Exports of the Kingdom’s luggage were worth $1.2 billion last year, up from just $50 million in 2016, according to a statement from the Garment Manufacturers Association in Cambodia (GMAC).
Its Deputy Secretary-General Kaing Monika, told Khmer Times that for travel goods, US is the biggest market accounting for about 80 percent of the total exports of the luggage. The European Union minus the UK amounts to about 10 percent and the rest is accounted for by the UK, Japan and Asean members. Regarding the lack of raw materials to supply the travelling bag factories because of the pandemic Novel Coronavirus (COVID-19), Kaing said that the problem would be solved in the coming months, hopefully because of the improved situation in China.
“Of concern moving forward is our export markets of the US and EU, which are seriously being hit by COVID-19. We don’t know how long this will last or how it will affect the economy, especially people’s income and consumers’ confidence,” he added.
“COVID-19 is a serious global issue. We cannot expect the same level of growth. Our forecast has to be conservative with high uncertainty on the demand side,” Kaing added. “Once the situation in Cambodia is stabilised, we can expect more orders from China.”
The growth in exports has been put down to joint efforts by the Ministry of Commerce and GMAC to send a petition to convince the US congress to allow Cambodia to export Cambodian travelling bags under the US trade preference programmes such as the Generalised System of Preferences (GSP) established in 2016.
With US congress approval. the US listed Cambodian travelling bags on its GSP list.
“Based on the success of this export, GMAC would like to say thank you to the Cambodian commerce minister for his support for the exports. GMAC has also thanked the US embassy in Cambodia, especially the former US ambassador to Cambodia and the Council for the Development of Cambodia for their support to push investment in this sector,” GMAC said.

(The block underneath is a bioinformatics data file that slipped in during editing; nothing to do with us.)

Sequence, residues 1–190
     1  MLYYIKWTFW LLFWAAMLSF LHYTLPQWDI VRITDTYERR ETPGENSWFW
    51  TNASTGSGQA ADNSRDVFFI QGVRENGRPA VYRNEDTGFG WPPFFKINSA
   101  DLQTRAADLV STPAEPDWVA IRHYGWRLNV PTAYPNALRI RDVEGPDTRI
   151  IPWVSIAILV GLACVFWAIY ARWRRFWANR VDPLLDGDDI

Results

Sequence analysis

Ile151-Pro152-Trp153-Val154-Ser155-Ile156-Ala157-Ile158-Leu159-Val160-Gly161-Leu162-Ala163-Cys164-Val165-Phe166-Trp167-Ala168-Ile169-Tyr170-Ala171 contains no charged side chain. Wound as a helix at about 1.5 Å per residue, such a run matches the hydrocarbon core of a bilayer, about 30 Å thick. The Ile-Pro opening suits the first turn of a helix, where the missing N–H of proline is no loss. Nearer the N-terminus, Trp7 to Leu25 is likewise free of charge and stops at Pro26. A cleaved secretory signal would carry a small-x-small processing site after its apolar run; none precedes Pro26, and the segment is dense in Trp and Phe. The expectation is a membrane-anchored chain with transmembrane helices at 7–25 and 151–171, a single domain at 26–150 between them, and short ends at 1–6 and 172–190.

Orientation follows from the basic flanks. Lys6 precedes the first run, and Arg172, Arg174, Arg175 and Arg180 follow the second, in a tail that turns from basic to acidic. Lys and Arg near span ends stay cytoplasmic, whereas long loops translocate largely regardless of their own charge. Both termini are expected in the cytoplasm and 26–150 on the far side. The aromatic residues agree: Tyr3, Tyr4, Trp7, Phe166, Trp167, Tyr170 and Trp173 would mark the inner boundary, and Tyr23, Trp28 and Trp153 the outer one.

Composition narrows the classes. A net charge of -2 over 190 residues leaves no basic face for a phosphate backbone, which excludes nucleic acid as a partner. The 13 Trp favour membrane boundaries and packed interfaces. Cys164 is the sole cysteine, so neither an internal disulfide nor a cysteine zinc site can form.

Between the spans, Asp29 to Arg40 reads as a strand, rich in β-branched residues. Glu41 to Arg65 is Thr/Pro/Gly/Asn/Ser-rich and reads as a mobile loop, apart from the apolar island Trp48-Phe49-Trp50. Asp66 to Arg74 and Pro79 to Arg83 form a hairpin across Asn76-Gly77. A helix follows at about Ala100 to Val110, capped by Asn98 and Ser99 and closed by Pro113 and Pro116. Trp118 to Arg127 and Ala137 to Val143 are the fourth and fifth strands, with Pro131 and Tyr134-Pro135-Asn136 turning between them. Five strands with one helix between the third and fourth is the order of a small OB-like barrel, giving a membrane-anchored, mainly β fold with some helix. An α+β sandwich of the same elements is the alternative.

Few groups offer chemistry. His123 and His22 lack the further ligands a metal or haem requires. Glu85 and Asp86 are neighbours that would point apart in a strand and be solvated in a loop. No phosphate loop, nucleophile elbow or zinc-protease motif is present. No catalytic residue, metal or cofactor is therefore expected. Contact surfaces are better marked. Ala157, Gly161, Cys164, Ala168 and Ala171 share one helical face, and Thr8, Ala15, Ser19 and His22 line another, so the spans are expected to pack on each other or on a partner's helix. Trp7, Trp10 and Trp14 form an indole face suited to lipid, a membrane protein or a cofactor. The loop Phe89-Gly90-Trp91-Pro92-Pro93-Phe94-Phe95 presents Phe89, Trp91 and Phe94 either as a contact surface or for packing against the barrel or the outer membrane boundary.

“GMAC thanked all buyers for purchasing travelling products from Cambodia and the customers who put trust in them,” GMAC said.
Mey Kalyan, senior adviser of the Supreme National Economic Council in Cambodia, said that the country has to build a comprehensive and strong economy and globalise it and not rely solely on the rest of the world.
“We should diversify our products and boost local products to protect against risk and provide added-value to all stakeholders. We have to do more,” he said.
What Cambodia has to do in the longer term is to develop human resources and technology, improve the investment climate, modernise agriculture and protect the environment, he said. Developing science and technology are also important.
According to a report from the Ministry of Industry and Handicraft, Cambodia exported garment products, footwear and travel goods valued at $9.32 billion in 2019, a year-on-year increase of 11 percent. The report was released last month at the ministry’s annual meeting for review works in 2019 and the setting of objectives for 2020.
It stated there were 1,069 factories last year, of which garment and textile factories accounted for 823, travel goods factories 114 and footwear factories 132. All factories together employed 923,313 workers.